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Audience-centered communication focuses on giving readers and listeners information they want rather than just the message you want delivered. Using techniques that focus on providing your audience with solutions they're seeking, you can effectively do both.
Know the Audience
Savvy editors and programmers understand that their ultimate goal is not just to create technically sound messages, but also to motivate audiences to act. A good message is necessary to do this, but creating a good message requires knowing your exact audience. Before you put your first word on paper, learn as much as you can about your audience. Find information about them such as age, sex, income and education level, marital or parental status, geographic location and career status.
Understand What They Want
Once you have a demographic profile of your audience, determine what they want from you. Look for a problem, need or opportunity they have. For example, if you are writing an article for a cooking magazine, find out if the audience is interested in healthy eating, budget cooking, learning about new cuisines or making convenient meals. This will prevent you from writing articles you find interesting, but which the magazine’s readership might not.
Set Up the Scenario
Before you launch into your article, speech or marketing material layout, set up a scenario that intrigues your audience by demonstrating that they have a need, problem or opportunity you can help them with. For example, if you’re selling lawn-care products, you might put a photo in your ad, brochure or website page that shows brown grass. Your headline might include text about weeds or fungus. Once you set up the problem, give a generic solution, such as the need for a weed-and-feed product or antifungal treatment. This gives the audience confidence that you are providing expert guidance, rather than just pushing your product or service.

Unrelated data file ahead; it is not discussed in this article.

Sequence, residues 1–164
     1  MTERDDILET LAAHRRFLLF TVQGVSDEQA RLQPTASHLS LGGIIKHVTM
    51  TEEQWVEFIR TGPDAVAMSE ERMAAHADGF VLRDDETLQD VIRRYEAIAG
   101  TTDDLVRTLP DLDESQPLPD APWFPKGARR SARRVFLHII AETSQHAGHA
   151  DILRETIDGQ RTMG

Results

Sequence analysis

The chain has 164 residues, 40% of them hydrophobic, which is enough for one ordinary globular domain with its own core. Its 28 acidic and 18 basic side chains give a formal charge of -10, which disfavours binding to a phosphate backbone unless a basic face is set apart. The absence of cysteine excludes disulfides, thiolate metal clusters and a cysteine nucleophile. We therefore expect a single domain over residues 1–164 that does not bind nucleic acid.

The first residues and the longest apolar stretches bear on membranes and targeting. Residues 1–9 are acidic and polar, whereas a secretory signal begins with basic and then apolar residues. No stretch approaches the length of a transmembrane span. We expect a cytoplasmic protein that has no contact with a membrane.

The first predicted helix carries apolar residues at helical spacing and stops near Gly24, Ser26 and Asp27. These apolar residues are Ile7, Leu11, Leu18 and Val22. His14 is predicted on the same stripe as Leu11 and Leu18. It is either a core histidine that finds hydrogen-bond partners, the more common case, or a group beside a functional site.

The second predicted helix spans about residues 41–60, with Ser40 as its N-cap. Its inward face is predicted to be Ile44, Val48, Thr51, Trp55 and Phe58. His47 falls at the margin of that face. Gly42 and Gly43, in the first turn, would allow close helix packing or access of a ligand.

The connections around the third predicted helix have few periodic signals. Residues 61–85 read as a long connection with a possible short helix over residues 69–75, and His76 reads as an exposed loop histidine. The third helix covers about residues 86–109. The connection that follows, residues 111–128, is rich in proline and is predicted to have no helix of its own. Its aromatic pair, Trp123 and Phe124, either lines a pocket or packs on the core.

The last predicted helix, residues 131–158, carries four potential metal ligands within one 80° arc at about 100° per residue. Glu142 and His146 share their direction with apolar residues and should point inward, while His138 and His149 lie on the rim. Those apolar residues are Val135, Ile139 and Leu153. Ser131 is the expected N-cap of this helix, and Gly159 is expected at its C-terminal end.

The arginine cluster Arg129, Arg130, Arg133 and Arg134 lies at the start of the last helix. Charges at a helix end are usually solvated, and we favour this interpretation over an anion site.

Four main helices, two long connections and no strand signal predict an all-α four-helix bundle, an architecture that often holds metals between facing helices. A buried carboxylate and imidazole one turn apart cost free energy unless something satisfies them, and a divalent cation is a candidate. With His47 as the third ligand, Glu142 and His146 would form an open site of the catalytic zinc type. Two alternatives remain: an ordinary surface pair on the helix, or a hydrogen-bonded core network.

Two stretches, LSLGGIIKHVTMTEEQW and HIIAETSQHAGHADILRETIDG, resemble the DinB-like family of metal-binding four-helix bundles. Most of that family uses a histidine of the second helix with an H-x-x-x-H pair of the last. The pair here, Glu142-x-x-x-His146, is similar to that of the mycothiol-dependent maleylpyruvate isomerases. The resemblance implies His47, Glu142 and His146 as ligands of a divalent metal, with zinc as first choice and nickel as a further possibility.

Deliver the Benefit
Now that you’ve sold your audience on the fact that they have a problem, need or opportunity and you have given them the generic solution, show how your product or service is their best option for achieving that solution. This is the time to talk about yourself and your features. Think about auto manufacturers that lead their ads with promises of general benefits consumers want, such as safety, status, reliability, better gas mileage or green benefits. Car and truck makers create their brands around delivering a specific, but general, consumer benefit, and then showing how they provide that benefit better than anyone else.
When possible, use images or stories of people who look and act like your target audience. This helps create empathy, showing that you cater to the needs of people just like the reader, viewer or listener. This technique can be as simple as using a photo of a person, couple or family that fits the demographic profile of your audience. It can be a bit more involved, such as setting up a scenario using a person like your target customer, “Mary’s children were getting too many cavities …”
Sam Ashe-Edmunds has been writing and lecturing for decades. He has worked in the corporate and nonprofit arenas as a C-Suite executive, serving on several nonprofit boards. He is an internationally traveled sport science writer and lecturer. He has been published in print publications such as Entrepreneur, Tennis, SI for Kids, Chicago Tribune, Sacramento Bee, and on websites such Smart-Healthy-Living.net, SmartyCents and Youthletic. Edmunds has a bachelor's degree in journalism.
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